ABSTRACT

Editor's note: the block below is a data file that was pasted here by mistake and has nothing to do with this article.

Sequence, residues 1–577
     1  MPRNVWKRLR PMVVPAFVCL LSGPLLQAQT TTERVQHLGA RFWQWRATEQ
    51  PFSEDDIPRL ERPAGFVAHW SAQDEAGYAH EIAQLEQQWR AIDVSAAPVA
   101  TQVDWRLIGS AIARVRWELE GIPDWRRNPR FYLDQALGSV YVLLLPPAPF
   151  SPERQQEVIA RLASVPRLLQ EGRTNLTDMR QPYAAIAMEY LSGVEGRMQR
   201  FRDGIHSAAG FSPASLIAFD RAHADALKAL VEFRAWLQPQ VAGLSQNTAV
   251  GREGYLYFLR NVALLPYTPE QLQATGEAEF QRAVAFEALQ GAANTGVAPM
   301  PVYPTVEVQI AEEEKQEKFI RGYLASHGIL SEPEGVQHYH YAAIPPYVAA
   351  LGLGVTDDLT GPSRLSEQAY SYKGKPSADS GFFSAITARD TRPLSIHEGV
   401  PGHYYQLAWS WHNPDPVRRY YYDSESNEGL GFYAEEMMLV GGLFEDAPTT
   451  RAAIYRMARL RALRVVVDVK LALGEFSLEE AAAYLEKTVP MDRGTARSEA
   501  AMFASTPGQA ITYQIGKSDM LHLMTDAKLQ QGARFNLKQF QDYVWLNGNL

A mass die-off of Common Murres (Uria aalge) occurred from spring 2015 to spring 2016 in the northern Gulf of Alaska. Seabird die-offs have been recorded previously in the region, but this event was unique in its long duration and wide spatial extent. In response to the die-off, Kodiak National Wildlife Refuge (NWR) biologists conducted systematic beach surveys along the road system adjacent to the city of Kodiak and compiled reports from local citizens in remote locations throughout the Kodiak Archipelago to document the number of dead birds observed on beaches. Analysis of beached bird records indicated that at least 1,994 dead Common Murres were observed in the Kodiak Archipelago from 4 April 2015 to 26 April 2016. Extrapolating the density estimate, based on carcasses counted on systematic surveys on the Kodiak road system (55 murres/km, SE = 12), to all beaches in the Kodiak road system study region in the same biophysical habitat class based on Alaska ShoreZone coastal mapping, yielded an estimate of 6,305 dead Common Murres (95% CI = 3,522–9,088). In addition to Common Murres, carcasses of another 65 birds representing 15 species were found on beaches on the Kodiak road system during the die-off. The die-off event was preceded by a large-scale inshore movement by marine bird species typically seen offshore (Common Murres and shearwater species), as documented by Kodiak NWR survey data and by local observers throughout the archipelago. Survey data indicate the population estimate for Common Murres in the northeastern region of the archipelago increased from 711 in June 2012 to 31,543 in June 2015 (4,335% increase), and from 5,063 in August 2012 to 64,039 in August 2015 (1,165% increase).

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